Portland’s Short Term Rental Rules

Portland increases fines for short rentals violators

Like many U.S. cities, Portland is under pressure to protect its limited housing stock while allowing residents to earn income by renting out their property. In 2014, it became the first city in the country to regulate short term rentals (STR) advertised on sites such as Airbnb.

The law allowed for Type A accessory short-term rentals, with one or two bedrooms, for periods of less than 30 days. It also allowed accessory short-term rentals of 3 to 5 bedrooms as long as the property is submitted to a Conditional Use Review. To qualify for a short-term rental permit, either an owner or renter of the property must reside in the dwelling for 270 days of the calendar year; there is no limit to the number of nights one can have a short-term renter, but the primary resident can be absent for no more than three months. According to Oregon law, even a renter can obtain a permit to sublet the space, so long as the landlord agrees.

The initial rules required obtaining a permit and a safety inspection from the city every two years, limited guests to fewer than five, and required that the primary long-term resident be at the property during a rental for a certain number of days per year. However, the rules were largely ignored by users; in 2016, about 79% of the 3,500 Airbnb listings in Portland lacked city permits. Enforcement was so lax that even some Airbnb employees were in rampant violation of the law by not getting permits and safety inspections and by subletting multiple properties where they did not live.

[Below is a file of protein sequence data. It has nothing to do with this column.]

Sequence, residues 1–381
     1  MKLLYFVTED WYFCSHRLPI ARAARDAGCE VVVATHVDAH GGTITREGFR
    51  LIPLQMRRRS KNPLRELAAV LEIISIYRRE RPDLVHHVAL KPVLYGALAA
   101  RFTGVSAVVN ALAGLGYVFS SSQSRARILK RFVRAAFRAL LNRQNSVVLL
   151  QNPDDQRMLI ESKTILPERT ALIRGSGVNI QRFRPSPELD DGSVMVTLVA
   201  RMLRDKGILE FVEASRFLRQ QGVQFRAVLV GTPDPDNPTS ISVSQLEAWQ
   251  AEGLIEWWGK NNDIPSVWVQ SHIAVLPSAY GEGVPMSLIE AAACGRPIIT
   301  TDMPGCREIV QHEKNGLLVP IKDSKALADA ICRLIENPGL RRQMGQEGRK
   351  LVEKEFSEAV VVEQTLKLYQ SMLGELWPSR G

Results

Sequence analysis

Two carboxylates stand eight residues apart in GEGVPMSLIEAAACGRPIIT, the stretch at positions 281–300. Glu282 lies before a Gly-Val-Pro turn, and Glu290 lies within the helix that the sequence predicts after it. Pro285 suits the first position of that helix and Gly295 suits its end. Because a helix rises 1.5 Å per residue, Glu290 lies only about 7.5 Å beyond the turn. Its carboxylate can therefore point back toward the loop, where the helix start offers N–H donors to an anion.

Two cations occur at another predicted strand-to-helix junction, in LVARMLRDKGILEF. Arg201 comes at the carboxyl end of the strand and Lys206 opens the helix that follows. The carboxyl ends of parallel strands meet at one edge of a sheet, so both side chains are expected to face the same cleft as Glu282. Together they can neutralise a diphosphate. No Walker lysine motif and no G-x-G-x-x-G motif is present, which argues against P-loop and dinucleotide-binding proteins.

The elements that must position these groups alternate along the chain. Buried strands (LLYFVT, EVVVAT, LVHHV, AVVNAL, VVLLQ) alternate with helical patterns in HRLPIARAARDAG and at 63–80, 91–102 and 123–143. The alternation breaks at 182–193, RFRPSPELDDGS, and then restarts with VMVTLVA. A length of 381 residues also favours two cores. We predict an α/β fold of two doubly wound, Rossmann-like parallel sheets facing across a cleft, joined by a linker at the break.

Lax enforcement of Portland laws about short term rentals ended after city council authorized strict enforcement and high fine for violators. Learn more.

Lazy Enforcement Leads To New Rules

Only if neighbors complained would the city take action against illegal subletters, and even then, the city issued lukewarm warnings and seldom levied fines against violators. Without consequences, some Airbnb hosts offered multiple full-time commercial short-term rentals, which were never the intent of the original laws. In January 2017, Airbnb announced that it would only allow a host to advertise one home on the site in an attempt to curtail people from buying up multiple homes and taking them out of circulation as long term rentals. It’s “One Host, One House” policy, which it sent to City Council, is similar to the policies it in effect in San Francisco and New York City.

In 2017, the situation changed when the Portland Portland City Council passed tougher laws authorizing Bureau of Development Services (BDS) to enforce the Accessory Short Term Rental (ASTR) laws in the city of Portland with fines of $1,000- $5,000 per occurrence. The new directives, effective after March 31, 2017, offer no grace period; while violators can appeal the Code Hearings Officer, they are immediately ticketed.

Even enforcement of the new rules requires the city to become aware of violations. Property monitoring services can help landlords prevent illegal short-term rentals and reduce or eliminate short term violations all together.